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Abortion is legal in Zimbabwe


guest column:Fidelicy Nyamukondiwa

The right to life is sacrosanct and absolute. It is the first human right enshrined in our Constitution. Even the yet to be born have the right to life. Section 48(3) of the Constitution states that “An Act of Parliament must protect the lives of unborn children, and that Act must provide that pregnancy may be terminated only in accordance with that law”. This article outlines the grounds upon which pregnancy can lawfully be terminated in Zimbabwe.

The Act of Parliament referred to in section 48(3) of the Constitution is the Termination of Pregnancy Act, Chapter 15:10 (hereinafter the Act). There are three grounds upon which pregnancy can lawfully be terminated in Zimbabwe. These grounds are listed in section 4 of the Act. The Act sanctions that pregnancy should only be terminated by a registered medical practitioner and in a designated institution. The medical superintendent of such institution must give written permission to terminate pregnancy. Any abortion outside the four corners of the Act is illegal and unconstitutional.

The first ground upon which pregnancy can be terminated is where its continuation endangers the life of the pregnant woman or where it constitutes a serious threat of permanent impairment of her physical health. Two registered medical practitioners must first certify that termination is necessary to safeguard the life or physical health of the gravid woman.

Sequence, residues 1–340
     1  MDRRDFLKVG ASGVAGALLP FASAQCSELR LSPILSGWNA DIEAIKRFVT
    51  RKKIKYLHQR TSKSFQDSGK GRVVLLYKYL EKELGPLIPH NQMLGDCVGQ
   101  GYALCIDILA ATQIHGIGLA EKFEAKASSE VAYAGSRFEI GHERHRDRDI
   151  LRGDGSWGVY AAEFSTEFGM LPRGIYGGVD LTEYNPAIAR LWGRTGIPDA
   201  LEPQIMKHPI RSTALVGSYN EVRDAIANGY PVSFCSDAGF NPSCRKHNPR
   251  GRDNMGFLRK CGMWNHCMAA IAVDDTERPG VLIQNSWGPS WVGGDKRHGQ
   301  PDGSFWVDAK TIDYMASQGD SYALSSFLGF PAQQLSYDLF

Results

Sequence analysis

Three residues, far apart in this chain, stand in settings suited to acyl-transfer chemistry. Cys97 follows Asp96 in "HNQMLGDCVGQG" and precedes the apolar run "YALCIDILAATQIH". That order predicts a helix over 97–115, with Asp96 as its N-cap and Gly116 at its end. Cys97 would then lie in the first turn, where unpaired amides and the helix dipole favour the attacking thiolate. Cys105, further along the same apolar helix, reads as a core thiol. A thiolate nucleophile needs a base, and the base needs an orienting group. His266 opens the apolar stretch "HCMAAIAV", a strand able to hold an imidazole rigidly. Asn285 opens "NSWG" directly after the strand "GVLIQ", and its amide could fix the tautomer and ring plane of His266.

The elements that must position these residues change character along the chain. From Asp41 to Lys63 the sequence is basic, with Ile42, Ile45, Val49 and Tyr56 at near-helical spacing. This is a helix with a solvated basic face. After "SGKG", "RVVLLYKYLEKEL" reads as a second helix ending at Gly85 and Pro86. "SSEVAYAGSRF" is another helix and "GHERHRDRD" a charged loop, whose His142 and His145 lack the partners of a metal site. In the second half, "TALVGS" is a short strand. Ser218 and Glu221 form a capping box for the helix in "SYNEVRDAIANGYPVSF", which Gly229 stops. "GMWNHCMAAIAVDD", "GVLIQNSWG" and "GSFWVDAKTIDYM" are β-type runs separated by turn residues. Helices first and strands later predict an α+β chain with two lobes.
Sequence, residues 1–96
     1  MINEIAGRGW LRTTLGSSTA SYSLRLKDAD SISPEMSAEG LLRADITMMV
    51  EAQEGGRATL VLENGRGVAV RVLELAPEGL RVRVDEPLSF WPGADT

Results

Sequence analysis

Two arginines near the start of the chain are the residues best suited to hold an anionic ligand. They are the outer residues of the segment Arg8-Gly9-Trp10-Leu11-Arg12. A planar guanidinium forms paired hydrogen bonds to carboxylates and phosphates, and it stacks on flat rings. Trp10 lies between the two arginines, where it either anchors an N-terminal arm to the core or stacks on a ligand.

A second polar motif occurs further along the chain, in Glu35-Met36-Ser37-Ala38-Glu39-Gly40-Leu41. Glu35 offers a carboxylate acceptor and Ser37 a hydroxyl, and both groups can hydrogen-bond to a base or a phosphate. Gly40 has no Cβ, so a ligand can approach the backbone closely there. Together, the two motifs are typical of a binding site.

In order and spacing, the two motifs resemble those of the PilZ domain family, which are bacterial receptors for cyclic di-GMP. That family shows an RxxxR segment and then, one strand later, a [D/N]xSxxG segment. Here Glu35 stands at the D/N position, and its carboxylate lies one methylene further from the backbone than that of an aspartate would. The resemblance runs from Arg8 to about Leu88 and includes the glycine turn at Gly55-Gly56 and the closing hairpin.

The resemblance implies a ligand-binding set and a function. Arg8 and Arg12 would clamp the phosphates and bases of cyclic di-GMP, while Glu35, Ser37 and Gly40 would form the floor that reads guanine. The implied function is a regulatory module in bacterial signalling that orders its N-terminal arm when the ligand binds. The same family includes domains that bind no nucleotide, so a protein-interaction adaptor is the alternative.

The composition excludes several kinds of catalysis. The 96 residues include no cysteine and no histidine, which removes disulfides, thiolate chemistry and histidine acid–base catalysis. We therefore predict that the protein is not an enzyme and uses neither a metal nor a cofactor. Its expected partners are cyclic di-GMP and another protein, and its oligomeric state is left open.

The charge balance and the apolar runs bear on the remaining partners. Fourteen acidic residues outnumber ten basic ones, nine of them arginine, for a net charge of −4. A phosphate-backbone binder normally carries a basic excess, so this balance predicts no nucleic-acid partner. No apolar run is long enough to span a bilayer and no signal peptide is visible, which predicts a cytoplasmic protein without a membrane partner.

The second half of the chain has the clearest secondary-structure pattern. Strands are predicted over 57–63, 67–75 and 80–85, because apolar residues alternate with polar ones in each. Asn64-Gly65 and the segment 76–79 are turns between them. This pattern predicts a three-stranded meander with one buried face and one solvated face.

Secondly, abortion may be authorised when there is a risk that the child to be born will suffer from a physical or mental defect. The risk of physical or mental defect should not be a remote risk. It must be a serious risk. The physical or mental defect must be of such a nature that the child to be born will permanently and seriously be handicapped. This means that where the mental defect is likely to be temporary or trivial, abortion will not be authorised. The medical superintendent should not authorise abortion unless if satisfied that two medical practitioners have examined the woman concerned and certified that termination is warranted for.

The last and probably the most controversial ground upon which pregnancy can lawfully be terminated is where there is a reasonable possibility that the pregnancy was conceived as a result of unlawful intercourse. Section 2 of the Act defines unlawful intercourse as “rape, other than rape within a marriage, and sexual intercourse within a prohibited degree of relationship, other than sexual intercourse with a person referred to in paragraph (i) or (j) of subsection (1) of section 75 of the Criminal Code”.

Simply expressed, a pregnancy can be terminated when it would have been conceived as a result of rape. Where, however, a married woman is ”raped” by her husband, the pregnancy conceived therefrom cannot be terminated. The mentioned section 75 outlines the degree of relationships not permitted to have sexual intercourse. Pregnancy conceived as a result of sexual intercourse within a prohibited degree of relationship may lawfully be terminated.

One glaring absurdity in section 2 of the Act is the deliberate exclusion of “statutory rape” on the definition of unlawful intercourse. This entails that where an adult has consensual sexual intercourse with a young person and a pregnancy is subsequently conceived, abortion cannot be done. The rationale behind the deliberate omission is probably because the young person would have consented. I find it weird and illogical to argue that children sexually exploited by prowling child molesters must be allowed to give birth. Take for instance a 13-year-old girl who falls pregnant after sexual abuse by a 40-year-old man. Section 2 should be amended to include the offence of having sexual intercourse with a young person.